Tonawanda News — Erie County officials are swinging back at a revised audit by the inspector general of the Department of Homeland Security, which says county officials misspent some $48 million in Federal Emergency Management Agency grants earmarked for cleaning up after the 2006 October storm.
A revised version of the audit, the first version of which initially released in March, was put out Thursday. As was the case in the first draft, the audit recommends the Department of Homeland Security, which oversees FEMA, seek to recoup $48 million from the county.
FEMA officials will decide sometime in the next month whether or not to follow through on the audit’s findings.
Deputy Erie County Executive Richard Tobe said if FEMA does try to get the money back they’ll have a fight on their hands.
“Should things go badly, we’re not paying,” Tobe said. “We’ll go to court and if it has to, the judges will decide. But I don’t think we’ll get there.”
County Executive Mark Poloncarz released a statement in the wake of the revised audit, noting the central issue in the first draft — that county officials at the time gave preference to local firms and didn’t make provisions for contractors outside the region to bid on the storm clean up work — wasn’t even mentioned in the audit’s second draft. Of the $48 million in question, auditors said $39.4 million should be recouped because of a bidding process that “limited competition and disregarded federal contracting regulations.”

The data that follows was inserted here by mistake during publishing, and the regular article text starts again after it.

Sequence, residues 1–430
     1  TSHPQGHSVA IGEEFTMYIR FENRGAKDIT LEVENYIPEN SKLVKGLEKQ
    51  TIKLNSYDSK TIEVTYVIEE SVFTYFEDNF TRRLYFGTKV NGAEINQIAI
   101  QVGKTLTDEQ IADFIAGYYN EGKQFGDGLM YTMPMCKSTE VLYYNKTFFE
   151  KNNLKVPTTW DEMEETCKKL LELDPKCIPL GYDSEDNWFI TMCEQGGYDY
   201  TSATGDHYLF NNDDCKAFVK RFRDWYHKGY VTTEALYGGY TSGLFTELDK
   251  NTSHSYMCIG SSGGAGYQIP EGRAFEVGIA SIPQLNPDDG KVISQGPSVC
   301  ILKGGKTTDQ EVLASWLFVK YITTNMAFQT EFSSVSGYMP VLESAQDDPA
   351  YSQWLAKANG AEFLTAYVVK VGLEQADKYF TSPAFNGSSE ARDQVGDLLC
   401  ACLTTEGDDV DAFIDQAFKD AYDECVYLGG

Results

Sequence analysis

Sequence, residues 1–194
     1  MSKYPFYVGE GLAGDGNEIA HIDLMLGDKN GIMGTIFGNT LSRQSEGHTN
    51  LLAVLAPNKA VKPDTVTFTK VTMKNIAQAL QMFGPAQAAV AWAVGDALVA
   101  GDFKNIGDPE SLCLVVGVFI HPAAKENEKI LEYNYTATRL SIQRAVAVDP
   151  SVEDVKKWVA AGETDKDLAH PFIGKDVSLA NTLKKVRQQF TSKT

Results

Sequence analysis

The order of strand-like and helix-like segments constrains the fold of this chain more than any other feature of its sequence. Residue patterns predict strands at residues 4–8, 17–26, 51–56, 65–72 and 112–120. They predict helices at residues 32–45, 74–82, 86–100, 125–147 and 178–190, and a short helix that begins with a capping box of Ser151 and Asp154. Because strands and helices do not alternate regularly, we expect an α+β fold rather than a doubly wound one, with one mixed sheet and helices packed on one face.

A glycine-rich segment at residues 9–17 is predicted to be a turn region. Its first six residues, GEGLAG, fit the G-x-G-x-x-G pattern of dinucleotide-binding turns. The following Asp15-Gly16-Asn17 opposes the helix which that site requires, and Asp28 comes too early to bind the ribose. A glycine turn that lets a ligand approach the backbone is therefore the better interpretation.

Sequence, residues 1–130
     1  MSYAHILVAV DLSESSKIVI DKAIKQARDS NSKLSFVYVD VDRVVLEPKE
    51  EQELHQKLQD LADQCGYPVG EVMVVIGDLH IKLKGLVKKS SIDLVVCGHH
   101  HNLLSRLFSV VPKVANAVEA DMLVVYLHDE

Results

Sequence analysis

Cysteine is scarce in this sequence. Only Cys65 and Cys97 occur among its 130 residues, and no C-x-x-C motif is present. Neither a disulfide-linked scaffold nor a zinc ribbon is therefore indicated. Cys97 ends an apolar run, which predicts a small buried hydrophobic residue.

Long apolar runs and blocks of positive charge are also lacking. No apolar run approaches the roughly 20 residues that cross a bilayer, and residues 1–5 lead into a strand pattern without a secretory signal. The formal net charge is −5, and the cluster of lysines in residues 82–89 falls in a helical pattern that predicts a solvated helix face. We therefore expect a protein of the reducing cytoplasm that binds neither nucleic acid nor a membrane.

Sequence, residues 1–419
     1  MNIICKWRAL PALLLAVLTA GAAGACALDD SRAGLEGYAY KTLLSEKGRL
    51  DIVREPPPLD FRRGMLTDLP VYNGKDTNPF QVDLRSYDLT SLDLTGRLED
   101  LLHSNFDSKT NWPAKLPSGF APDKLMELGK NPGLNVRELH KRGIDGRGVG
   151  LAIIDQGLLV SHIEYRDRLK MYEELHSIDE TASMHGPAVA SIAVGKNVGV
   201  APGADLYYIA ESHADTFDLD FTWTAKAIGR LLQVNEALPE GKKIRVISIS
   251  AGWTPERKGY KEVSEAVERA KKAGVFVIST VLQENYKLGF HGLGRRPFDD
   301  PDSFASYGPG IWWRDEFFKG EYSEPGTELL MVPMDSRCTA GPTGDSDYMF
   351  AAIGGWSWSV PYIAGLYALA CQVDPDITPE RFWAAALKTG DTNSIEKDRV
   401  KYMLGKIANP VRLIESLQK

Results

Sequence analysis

That allegation isn’t mentioned in the audit’s second draft.
“(The revised audit) repudiated its major findings and created multiple new and previously unstated reasons and alleged factors in continuing to demand that the County repay FEMA $39.4 million,” Poloncarz said.
In the county’s response to the first audit, Tobe pointed out the federal law cited by auditors had changed — coincidentally enough just days before the storm took place. President George W. Bush had signed a new federal law that reversed FEMA policy on disaster response spending. Federal law now explicitly instructs FEMA grant recipients to spend the money locally when possible as a means to jumpstart the local economy following a major disaster rather than cast a wider net in hopes of reducing costs.